The lining took days of stitching.

She carefully cut the stencil and kept the cut out part to use as a positive of the negative stencil.

The jacket will age well. I look forward to seeing it again in 20 years. Well patched and full of memories.

Wednesday, 4 May 2016

Shirushi Banten

I put together a few trial workshops over the past few years on designing and sewing Japanese jackets before I had enough guts to officially hold a two-week course here at the house.  I  invited students who had been to my place in Japan and showed interest in coming back. Ten days of hard work so far. Four more to go.

I think it takes ten or so of these hanten jackets before you get the idea of measuring and finishing them up just perfectly.  We can finish two and perhaps a baby third if all goes well. I picked up some Edwin Jeans off cuts and we sewed jackets the first three days.

 Here they are:

The second jacket we made from either antique linen or some hand-woven organic fair trade cotton I  picked up in Sri Lanka a few months back. We calculated the measurements and dyed the designs right on the body of the cloth. Seven creative indigo hamsters on my hands. Things are coming together today.

We made some red pigment from madder roots to paint and steam onto the designs on the back of the jackets. 

The madder grows wild all around this area. There isn't enough time to dig it ourselves so I bought some and had it ready to boil. It takes over a week to get the red azilirin paste.

Here Teresa holds a madder stem. The roots is where the dye pigment is concentrated.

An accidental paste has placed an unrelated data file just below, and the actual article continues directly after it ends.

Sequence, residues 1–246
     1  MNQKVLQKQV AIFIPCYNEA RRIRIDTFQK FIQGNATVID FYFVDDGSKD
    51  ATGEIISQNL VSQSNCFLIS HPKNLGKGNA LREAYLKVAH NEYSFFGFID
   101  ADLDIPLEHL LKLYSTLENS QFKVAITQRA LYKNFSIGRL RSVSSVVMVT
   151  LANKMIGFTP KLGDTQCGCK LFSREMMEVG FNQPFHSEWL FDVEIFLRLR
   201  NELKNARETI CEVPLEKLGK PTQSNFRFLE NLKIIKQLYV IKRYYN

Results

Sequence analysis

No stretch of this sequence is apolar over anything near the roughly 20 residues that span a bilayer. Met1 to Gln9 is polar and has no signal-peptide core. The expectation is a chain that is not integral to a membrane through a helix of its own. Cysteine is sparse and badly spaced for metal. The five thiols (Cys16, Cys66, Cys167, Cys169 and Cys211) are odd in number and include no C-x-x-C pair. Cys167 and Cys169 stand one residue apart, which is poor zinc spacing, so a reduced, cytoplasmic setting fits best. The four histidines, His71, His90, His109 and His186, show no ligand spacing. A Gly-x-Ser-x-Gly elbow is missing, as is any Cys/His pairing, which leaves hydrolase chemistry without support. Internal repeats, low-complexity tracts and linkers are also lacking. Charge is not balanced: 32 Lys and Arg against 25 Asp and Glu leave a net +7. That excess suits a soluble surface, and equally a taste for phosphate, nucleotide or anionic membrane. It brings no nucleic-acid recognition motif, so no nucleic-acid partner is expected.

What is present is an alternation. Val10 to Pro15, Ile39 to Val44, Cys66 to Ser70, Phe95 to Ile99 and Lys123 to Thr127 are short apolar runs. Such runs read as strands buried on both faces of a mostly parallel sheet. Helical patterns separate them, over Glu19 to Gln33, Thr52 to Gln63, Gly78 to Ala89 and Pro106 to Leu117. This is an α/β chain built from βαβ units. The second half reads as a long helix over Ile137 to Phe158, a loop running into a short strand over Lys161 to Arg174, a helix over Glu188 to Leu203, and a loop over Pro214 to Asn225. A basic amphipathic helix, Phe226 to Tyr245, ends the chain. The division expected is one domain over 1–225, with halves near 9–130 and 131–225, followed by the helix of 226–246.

After the liquid has been pH neutralised for a few days of rinsing and settling it is sieved through a coffee filter. Then the paste is ready to be painted on with soy bean juice and steamed. 

It needed a few hours in the sun to jell up.

Heather from Australia painted on the paste and then dyed the background with soot and indigo. Then after removing the paste she carefully painted in the red. First a sample on a small piece and then the actual jacket.


Hand made madder paste paint on the crest on the back of the jacket.

There was a lot of painting and steaming and paste resisting the past few days.

97 year old Ogata san came by and made udon from scratch for our lunch.

We needed a break from all this fresh green, croaking frogs and singing birds so we headed into Tokyo for a day. We went to the Amuse Boro Museum and the Edo Museum. We sought out old fireman jacket designs.

We were completely museumed-out at the end of the day. Overwhelmed by hundreds of years of sophisticated Japanese culture in our faces.

The small paper models of the festival-goers in Edo period were amazing.

The Edo period wood block pictures provided us with more insight into the jackets we are designing and sewing.

This particular wood block print commissioned for a fire brigade in Edo period was particularly informative.

And the beauty of resourcefulness at the Boro Museum.

As always we want more time to study and make things. It is frustrating. I wish we had months to really master the processes. The sewing of the jackets, the history behind Japanese clothing, the indigo dyeing and the pigment making and the design genius of the Japanese traditional Edo craft masters. But if we had months we would want years. And a decade would be necessary to really get it right.  (We know all a long that it takes a lifetime and even then we may miss the mark.) Jeeeeeeesh.

Julie Cat with her new kittens in her box.